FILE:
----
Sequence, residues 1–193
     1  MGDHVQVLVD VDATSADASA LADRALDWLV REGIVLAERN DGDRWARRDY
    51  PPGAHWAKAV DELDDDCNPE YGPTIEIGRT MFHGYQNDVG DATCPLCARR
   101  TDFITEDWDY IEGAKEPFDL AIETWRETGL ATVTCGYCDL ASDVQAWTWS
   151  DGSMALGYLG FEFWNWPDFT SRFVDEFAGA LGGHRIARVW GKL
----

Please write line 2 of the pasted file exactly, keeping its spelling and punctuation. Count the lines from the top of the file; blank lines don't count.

     1  MGDHVQVLVD VDATSADASA LADRALDWLV REGIVLAERN DGDRWARRDY